I've been put in a room with Elders Felt, Helmer, and Sumsion. Although I miss my friends back in Texas, all three of my roommates are going to Frankfurt with me, and we've had a great time. They're all funny guys, and in comparison to my last companion this is a heavenly situation. We also have been in contact with President Hammon (our Frankfurt mission president). He's incredibly passionate about missionary work, and truly loves all of us missionaries. We've been able to tune into some of the Frankfurt zone conferences, Monday morning prayers, and He's even had one on one interviews with us. I haven't heard of any other mission president for the missionaries here going to such lengths to meet with the missionaries and include them before they're even in Germany. I can't wait to get there.
Side note: he told us to really hit our german hard, as it's very possible that we'll only have 4-5 weeks of training before we're on our own or training other missionaries. Oh yikes.
Upon arrival, we were put into these rooms with some strict rules. We have to stay in these rooms unless we are going to our assigned bathroom. Food comes 3 times a day and we have to stay in our rooms while they deliver it. I don't know if this is a reflection of the country, but oh my goodness mayonnaise and cheese on a sandwich is by far the worst lunch idea I've tasted in a long time. We get many nutella packets with our meals, so we've done the only logical thing we could: use them as currency for different food items.
We were allowed outside time twice a day for 30 minutes, but had no room to really exercise. The classes they recommended we attend were basically our MTC classes but with different teachers, so we have been skipping them and practicing german on our own. Although it's been boring, we've had near daily devotionals from the area 70, which has been uplifting.
That was my boring schedule, however due to some changes in the UK our quarantine limit was shortened to 10 days. Although we have to stay in our rooms when food is delivered, we have unlimited outside time and are allowed to go throughout the entire MTC campus. We've had the opportunity to visit the temple grounds daily, and might have snuck onto the grounds during a run on our first day of freedom. We've also been going on runs through Chorley, the town we are right next to. It feels amazing to get out of the MTC, and these runs really hit home the fact that we aren't in the US anymore.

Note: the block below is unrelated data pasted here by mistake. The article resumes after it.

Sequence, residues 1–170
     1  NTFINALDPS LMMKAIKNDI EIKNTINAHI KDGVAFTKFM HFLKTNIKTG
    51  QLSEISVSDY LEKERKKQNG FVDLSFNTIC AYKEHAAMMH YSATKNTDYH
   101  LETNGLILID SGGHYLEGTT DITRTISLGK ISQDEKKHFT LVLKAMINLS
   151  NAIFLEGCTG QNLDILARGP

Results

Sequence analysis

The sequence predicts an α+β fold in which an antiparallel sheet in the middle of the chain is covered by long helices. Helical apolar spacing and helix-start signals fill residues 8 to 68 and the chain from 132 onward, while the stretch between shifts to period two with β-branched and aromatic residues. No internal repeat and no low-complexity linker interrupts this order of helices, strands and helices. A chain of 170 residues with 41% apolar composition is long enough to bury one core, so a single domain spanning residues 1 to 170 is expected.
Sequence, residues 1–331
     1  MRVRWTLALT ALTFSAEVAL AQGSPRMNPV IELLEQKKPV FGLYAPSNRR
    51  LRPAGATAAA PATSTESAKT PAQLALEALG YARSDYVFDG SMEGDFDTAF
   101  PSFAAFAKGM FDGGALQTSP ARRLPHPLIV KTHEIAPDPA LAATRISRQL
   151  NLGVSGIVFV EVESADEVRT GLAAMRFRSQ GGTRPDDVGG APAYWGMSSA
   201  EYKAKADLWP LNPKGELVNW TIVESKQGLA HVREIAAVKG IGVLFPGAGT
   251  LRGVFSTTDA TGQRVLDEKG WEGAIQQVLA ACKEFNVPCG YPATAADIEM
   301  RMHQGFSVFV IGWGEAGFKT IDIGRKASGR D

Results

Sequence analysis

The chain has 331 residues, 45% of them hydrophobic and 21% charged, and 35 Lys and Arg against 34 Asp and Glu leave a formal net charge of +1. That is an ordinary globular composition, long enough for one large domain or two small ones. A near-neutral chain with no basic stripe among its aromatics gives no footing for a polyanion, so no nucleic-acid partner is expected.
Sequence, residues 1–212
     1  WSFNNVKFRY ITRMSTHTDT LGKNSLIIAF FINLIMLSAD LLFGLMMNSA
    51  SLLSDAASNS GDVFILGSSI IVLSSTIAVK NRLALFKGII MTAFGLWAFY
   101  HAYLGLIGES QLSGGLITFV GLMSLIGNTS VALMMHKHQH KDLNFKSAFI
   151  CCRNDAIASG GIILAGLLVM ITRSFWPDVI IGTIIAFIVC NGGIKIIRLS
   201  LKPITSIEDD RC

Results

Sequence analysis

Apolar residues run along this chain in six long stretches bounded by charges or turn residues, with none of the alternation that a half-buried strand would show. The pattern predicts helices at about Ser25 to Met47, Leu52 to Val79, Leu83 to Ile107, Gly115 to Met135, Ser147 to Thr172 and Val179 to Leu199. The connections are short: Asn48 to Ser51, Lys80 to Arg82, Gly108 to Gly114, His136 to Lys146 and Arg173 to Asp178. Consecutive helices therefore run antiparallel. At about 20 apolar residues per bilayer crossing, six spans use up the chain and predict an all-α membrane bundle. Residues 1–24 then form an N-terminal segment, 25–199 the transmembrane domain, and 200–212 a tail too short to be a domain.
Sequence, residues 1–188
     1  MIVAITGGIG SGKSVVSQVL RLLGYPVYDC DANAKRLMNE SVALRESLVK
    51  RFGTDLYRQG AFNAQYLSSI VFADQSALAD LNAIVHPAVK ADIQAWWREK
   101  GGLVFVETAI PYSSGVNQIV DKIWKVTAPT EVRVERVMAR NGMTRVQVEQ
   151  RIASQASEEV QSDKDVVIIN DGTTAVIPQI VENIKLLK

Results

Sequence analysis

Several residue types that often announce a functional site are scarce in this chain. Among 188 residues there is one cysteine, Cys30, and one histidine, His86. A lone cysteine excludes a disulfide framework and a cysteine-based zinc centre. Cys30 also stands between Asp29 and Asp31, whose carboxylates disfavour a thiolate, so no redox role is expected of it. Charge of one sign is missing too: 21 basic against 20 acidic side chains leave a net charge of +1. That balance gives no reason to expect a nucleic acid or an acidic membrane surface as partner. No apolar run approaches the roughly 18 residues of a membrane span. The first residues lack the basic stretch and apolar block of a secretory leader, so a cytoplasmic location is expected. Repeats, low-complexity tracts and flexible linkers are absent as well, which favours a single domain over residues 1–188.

It rains a lot here, and It hasn't been completely overcast or rainy twice while we've been here. One of those times was yesterday afternoon. We went up to the temple during this time and the gates were open, so I snagged some pictures of the temple.
So that's my life right now, In about 48 hours I'm going to be on a plane to Frankfurt for quarantine v2. I miss y'all, and hope you're doing well.
- Elder Wilhelm
LAST DAYS IN TEXAS
ELDER WILHELM and ELDER ELDER (and yes...that is his name)
ELDER WILHELM & ELDER JOHN (COMPANIONS IN BONDS RANCH AREA)
ELDER WILHELM & ELDER LARSON
ORIGINAL MTC DISTRICT - ALL ARE FINALLY IN ENGLAND
I usually don't have much to talk about, so I have been sending emails every other week. However, I felt that today I had enough to say.
We've been working hard on connecting with our ward members, both active and inactive. We have an incredible new bishopric and ward mission leader, and our progress on a ward mission plan is going strong. I'm glad to see the positive impact we're having, and I hope to be able to keep this solid effort up! Other than that, I did a few other fun things this week.
We did a lot of service, from a Thanksgiving food drive to setting up rooms for kids at Christhaven. It feels great to help others, and we also made sure to have a fun time doing it.
Today is P-day, so we thought it would be fun to go fishing with the trio in our apartment. Some members who have an enormous ranch let us fish at one of their ponds. Only Elder Larson caught a fish, but I got a couple bites. We usually end up having a super fun times with each other, and the mission wouldn't be the same without them.
And that's my week! Short, I know, but I thought it'd be nice to check in!
I almost forgot: on December 3rd I'm going to quarantine in the Preston UK MTC for two weeks before heading to Germany!
I've been staying busy these past few weeks. Sometimes it seems that 12 hours is not enough time to get everything done, which I have a hard time hearing from the mouth of a lazy teenager. Regardless, I haven't really had much to say at all, hence the lack of emails the past few weeks.
I've done my best to make friends, have fun, feel the spirit, and work hard. After a little over a month in Texas I am confident in saying that I've gotten into the groove of being a missionary. We've been working hard on finding more people to teach, and have been working on setting up a ward mission plan alongside our newly made family history plan. We're still working at it and are praying for the best.